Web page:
Fire is a requirement when camping or surviving outdoors. You can use it to boil water, cook food, light up the dark, and get warm. However, most people only know how to make a fire in dry weather, using wood that can easily be ignited. Here are some things to consider when you’re making a fire in damp weather. (h/t to KnowPrepareSurvive.com.)
- Preparing your fire — Make sure that you pack a tinder bundle of small, highly flammable materials. Some of the materials you can use as tinder are paper or wood shavings, cotton balls soaked in petroleum jelly, dryer link, and toothpicks among others. If you don’t have tinder, don’t fret. You can scour around for it — go to areas between fields and forests. These have lush vegetation which you can use to start a fire. Some of the materials that could be used for tinder are cattail down, cedar bark, dry leaves, and dry grass. One more thing that you have to prepare are tools to use for chopping wood. Either an ax or a survival knife will do.
- Looking for a spot — The next thing you’ll need is a good location to start your fire. Some things that you should consider include its distance to burnable wood and its proximity to trees that could be a windbreaker. If you’ve found a place with an overhead cover, then making the fire becomes easier. If you’re working with snow or damp ground, remove the top layer to expose dryer soil below. This ensures that your fire will burn longer.
- Choosing materials for the fire — As with any type of campfire, dry fuel (or kindling wood) is what makes it burn continuously. If the conditions are damp, however, looking for dry fuel can be a tricky process. A good rule of thumb is to look for wood that’s off the ground and exposed to sunlight. Additionally, you can test the wood if it’s flammable. If you hear a clean snapping sound when you break the twig, it’s dry enough to be used as firewood. You can also use branches at the base of large evergreen or pine trees. These would be dryer than the ones at the top, making for a good fire.
- Building the pile — Look out for ground moisture when you’re building fire in damp conditions. If you just build a fire on the ground, the resulting heat will cause moisture to form around it and may kill the flame. Building a platform to isolate the fire is an effective way to address this. There are many ways to build a platform. One way is to build a “log cabin” using your kindling wood until you have a chimney-like structure, then put the tinder inside to provide protection against moisture and wind, as well as provide oxygen for a longer burn.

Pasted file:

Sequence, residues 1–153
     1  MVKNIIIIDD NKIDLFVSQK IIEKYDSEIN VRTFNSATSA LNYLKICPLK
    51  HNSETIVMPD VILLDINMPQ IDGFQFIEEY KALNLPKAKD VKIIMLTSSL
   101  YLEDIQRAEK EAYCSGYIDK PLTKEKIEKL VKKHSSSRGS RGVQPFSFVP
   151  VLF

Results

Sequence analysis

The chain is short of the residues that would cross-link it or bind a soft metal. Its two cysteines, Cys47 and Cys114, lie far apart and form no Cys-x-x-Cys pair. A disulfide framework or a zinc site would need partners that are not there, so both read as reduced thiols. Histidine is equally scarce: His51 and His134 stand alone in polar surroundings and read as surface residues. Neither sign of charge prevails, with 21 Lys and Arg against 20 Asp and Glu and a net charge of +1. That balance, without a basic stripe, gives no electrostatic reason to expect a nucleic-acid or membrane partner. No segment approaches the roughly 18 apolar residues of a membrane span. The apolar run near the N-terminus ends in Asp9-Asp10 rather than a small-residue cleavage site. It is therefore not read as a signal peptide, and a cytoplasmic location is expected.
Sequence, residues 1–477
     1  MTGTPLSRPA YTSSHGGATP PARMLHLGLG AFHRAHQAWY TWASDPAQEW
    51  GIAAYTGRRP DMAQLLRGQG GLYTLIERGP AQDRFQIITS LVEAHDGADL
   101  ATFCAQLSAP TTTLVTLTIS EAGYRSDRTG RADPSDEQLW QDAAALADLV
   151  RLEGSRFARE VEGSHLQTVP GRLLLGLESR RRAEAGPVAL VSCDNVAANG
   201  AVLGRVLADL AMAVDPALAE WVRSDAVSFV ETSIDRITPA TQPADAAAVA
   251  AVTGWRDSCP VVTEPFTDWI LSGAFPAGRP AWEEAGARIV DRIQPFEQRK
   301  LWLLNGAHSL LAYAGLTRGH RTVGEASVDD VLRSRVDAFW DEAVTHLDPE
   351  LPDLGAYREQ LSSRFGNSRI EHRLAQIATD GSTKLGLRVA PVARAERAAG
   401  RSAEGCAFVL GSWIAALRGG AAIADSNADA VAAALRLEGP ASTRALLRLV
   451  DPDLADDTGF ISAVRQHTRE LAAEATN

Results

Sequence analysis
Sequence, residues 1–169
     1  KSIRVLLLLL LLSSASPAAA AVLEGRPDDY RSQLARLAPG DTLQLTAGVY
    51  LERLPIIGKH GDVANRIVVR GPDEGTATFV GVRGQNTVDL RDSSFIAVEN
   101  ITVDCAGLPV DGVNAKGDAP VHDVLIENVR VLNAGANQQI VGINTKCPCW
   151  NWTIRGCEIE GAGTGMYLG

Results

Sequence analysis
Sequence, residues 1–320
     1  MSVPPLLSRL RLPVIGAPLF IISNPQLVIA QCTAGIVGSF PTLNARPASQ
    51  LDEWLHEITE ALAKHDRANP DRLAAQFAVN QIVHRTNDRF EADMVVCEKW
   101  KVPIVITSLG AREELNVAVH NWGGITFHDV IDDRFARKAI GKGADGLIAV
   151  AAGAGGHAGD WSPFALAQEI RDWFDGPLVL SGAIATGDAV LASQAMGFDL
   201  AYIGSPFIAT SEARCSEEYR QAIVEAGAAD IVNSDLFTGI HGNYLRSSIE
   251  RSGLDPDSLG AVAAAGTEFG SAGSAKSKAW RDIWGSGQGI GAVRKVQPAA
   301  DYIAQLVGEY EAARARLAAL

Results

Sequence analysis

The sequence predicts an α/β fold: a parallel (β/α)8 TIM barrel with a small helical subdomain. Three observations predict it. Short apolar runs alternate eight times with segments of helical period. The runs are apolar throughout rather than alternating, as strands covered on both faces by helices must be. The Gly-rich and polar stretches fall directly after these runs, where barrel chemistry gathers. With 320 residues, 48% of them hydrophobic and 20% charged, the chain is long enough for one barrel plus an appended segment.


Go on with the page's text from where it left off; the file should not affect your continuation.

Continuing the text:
- Lighting the fire — Now for the exciting part — starting the fire. Before you do, though, check the direction of the wind. Once you have, light the fire from the direction where the wind blows. This enables the heat to be distributed evenly across the pile and helps with the circulation of oxygen. Also, be sure to light your pile from the bottom. This gives your fire a better chance of igniting.
- Making sure it burns — Once you’ve lit the fire, make sure you have enough dry wood set aside to keep it burning. If you still have damp wood, try to put to near the fire to dry it before putting it in the flame.
Learning to light a fire may be a key survival skill — but it doesn’t have to be a dull experience. You can study it together with your family. That way, you’re not only having fun — you’re also preparing them for what lies ahead. (Related: Camping: A great way to practice how to live after SHTF.)
Read more ways to survive in the wild by visiting Preparedness.news today.